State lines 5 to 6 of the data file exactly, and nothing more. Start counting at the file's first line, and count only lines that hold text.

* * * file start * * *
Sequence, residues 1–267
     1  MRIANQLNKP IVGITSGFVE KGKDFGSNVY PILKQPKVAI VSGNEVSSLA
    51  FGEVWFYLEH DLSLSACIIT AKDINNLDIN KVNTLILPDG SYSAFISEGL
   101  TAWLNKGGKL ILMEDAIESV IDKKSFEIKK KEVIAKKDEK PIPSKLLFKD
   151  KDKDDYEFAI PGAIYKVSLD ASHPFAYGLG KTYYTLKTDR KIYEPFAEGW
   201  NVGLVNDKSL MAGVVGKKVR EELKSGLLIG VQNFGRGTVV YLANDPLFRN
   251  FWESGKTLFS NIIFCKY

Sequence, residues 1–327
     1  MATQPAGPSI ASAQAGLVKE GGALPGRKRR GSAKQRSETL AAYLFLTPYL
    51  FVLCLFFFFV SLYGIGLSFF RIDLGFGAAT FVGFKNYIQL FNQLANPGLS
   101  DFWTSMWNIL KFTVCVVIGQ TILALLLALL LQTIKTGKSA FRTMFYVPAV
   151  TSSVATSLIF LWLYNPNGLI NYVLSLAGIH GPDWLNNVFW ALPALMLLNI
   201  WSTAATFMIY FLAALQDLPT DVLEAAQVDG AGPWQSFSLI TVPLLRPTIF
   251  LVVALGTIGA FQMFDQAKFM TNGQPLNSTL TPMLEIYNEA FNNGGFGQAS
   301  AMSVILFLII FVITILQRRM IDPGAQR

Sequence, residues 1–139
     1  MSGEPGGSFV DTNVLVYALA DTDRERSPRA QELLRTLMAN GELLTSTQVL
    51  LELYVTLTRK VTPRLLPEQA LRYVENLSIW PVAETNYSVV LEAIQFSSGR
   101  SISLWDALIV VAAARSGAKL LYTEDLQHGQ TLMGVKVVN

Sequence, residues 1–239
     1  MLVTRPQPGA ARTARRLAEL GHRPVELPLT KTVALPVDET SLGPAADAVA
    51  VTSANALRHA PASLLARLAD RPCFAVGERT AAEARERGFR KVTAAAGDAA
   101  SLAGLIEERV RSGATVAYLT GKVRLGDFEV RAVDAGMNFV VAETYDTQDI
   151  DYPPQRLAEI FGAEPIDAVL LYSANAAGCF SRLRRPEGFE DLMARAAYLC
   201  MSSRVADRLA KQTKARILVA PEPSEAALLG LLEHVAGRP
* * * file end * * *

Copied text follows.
   151  KDKDDYEFAI PGAIYKVSLD ASHPFAYGLG KTYYTLKTDR KIYEPFAEGW
   201  NVGLVNDKSL MAGVVGKKVR EELKSGLLIG VQNFGRGTVV YLANDPLFRN